Centro, México D.F.
The historic center of Mexico City (Spanish: Centro Historico de la Ciudad de Mexico), also known as the Centro or Centro Historico, is the central neighborhood in Mexico City, focused on Zocalo or main plaza and extending in all directions for a number of blocks, with its farthest extent being west to the Alameda Central. The Zocalo is the largest plaza in Latin America. It can hold up to nearly 100,000 people.
The Palacio Nacional borders the entire east side of the Zocalo and contains the offices of the President of Mexico, the Federal Treasury, the National Archives as wells as murals depicting pre-Hispanic life and a large mural filling the central stairway depicting the entire history of the Mexican nation from the Conquest on.
The Templo Mayor archeological site and museum, is the center of the ancient teocalli, located now just northeast of the Zocalo. It was demolished by Hernan Cortes in the 1520s and its location forgotten. The exact site was determined in the beginning of the 20th century, but the decision to excavate was not made until 1978, when electrical workers chanced upon an eight-ton stone disk depicting the Aztec goddess Coyolxauhqui. Excavation unearthed a pyramid built in multiple layers. This is the spot where, according to legend, the Aztecs saw their sign to settle from their wanderings, an eagle perched on a nopal cactus with a snake in its beak, which is still the symbol of Mexico today.
The Metropolitan Cathedral, dedicated to the Assumption of the Most Blessed Virgin Mary, occupies the north end of the Zocalo. The site originally was part of the Aztec Sacred Precinct (called the Teocalli) and contained the main tzompantli, or rack for the skulls of sacrifice victims. The first church was erected between 1524 or 1526 and 1532 and was elevated to the rank of cathedral on 2 September 1530 by Pope Clement VII.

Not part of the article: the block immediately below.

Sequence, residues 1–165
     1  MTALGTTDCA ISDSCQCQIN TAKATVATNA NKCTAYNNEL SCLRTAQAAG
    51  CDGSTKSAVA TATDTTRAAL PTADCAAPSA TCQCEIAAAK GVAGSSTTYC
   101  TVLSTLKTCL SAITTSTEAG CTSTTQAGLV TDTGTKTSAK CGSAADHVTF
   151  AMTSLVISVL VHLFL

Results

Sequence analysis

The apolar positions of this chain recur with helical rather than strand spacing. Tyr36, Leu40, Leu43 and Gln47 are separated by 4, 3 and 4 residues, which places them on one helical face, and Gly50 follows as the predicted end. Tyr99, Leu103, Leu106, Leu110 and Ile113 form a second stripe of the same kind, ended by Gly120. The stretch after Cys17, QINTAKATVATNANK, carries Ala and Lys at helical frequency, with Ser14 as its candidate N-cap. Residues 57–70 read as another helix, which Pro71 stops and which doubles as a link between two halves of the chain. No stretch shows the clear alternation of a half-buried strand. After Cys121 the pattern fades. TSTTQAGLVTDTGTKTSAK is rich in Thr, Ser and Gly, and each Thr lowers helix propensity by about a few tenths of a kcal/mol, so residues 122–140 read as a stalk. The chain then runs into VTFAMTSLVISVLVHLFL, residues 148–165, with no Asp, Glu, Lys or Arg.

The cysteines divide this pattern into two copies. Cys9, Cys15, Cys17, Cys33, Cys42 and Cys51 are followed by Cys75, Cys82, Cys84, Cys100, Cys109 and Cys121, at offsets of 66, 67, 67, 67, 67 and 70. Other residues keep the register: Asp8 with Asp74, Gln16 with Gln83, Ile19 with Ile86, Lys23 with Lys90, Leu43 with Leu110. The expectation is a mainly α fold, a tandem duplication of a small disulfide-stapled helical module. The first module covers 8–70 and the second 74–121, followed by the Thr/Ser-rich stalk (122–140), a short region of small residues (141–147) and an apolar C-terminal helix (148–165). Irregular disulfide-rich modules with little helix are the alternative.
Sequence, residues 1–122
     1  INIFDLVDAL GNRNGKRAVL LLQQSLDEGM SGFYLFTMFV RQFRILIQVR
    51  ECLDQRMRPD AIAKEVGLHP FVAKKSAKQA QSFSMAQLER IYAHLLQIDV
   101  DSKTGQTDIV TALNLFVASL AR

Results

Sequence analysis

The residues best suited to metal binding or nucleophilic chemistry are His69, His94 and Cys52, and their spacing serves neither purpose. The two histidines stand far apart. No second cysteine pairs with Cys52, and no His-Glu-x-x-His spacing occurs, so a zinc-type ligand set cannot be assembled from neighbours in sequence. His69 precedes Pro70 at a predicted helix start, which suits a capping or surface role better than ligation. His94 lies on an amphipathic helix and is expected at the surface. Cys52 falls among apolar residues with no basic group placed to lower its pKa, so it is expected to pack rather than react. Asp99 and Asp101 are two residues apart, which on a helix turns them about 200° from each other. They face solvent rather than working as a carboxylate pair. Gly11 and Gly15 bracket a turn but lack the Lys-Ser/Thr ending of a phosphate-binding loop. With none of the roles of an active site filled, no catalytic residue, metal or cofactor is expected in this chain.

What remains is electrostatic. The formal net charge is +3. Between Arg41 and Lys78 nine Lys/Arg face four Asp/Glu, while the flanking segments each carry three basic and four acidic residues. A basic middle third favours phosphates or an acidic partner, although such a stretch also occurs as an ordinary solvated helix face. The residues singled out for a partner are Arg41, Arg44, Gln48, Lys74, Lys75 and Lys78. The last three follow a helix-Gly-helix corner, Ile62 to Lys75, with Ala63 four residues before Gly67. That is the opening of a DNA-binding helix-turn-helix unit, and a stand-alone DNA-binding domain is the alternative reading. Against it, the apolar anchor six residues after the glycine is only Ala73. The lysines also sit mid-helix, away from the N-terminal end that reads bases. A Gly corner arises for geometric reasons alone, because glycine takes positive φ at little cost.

The Museo Nacional de Arte (MUNAL) is the Mexican National Art Museum, located in the historical center of Mexico City. It houses a collection representing the history of Mexican art from the late pre-Hispanic era to the early 20th century. As the center of the ancient Aztec Empire and the seat of power for the Spanish colony of New Spain, the Centro Historico contains most of the city's historic sites from both eras as well as a large number of museums.
The National Autonomous University of Mexico (Spanish: Universidad Nacional Autonoma de Mexico, - literal translation: Autonomous National University of Mexico, UNAM) is the largest university in Latin America. As a public research university in Mexico City, the UNAM is widely regarded by many university world rankings as the leading university of the Spanish-speaking world. Besides being one of the most recognized universities in Latin America and the Spanish-speaking world in general, its campus is one of the largest and most artistically detailed. It is a UNESCO World Heritage site that was designed by some of Mexico's best-known architects of the 20th century.
The Parque Mexico (English: lit. "Mexico Park"), also known as the Parque San Martin, is a large urban park located in Colonia Hipodromo in the Condesa area of Mexico City. It is recognized by its Art Deco architecture and decor as well as being one of the larger green areas in the city.
The fountain of Cibeles in Mexico City is a bronze replica of the fountain located in the Plaza de Cibeles in Madrid that was built during the reign of Charles III by architect Ventura Rodriguez between 1777 and 1792. The Mexican version is located at a traffic circle where Oaxaca, Durango, Medellín and El Oro streets converge in Colonia Roma.
The Angel of Independence, most commonly known by the shortened name El Angel and officially known as Monumento a la Independencia ("Monument to Independence"), is a victory column on a roundabout on the major thoroughfare of Paseo de la Reforma in downtown Mexico City. Paseo de la Reforma is a wide avenue that runs diagonally across the heart of Mexico City.
Xochimilco Ecological Park and Plant Market is a natural reserve or park, with a thirteen hectare plant market, the largest in Latin America. The park and market are located in the southern Mexico City borough of Xochimilco, about 23 km south of the historic center of the city. The park was inaugurated in 1993, on chinampas (artificial lake islands) which had been previously declared as part of a World Heritage site.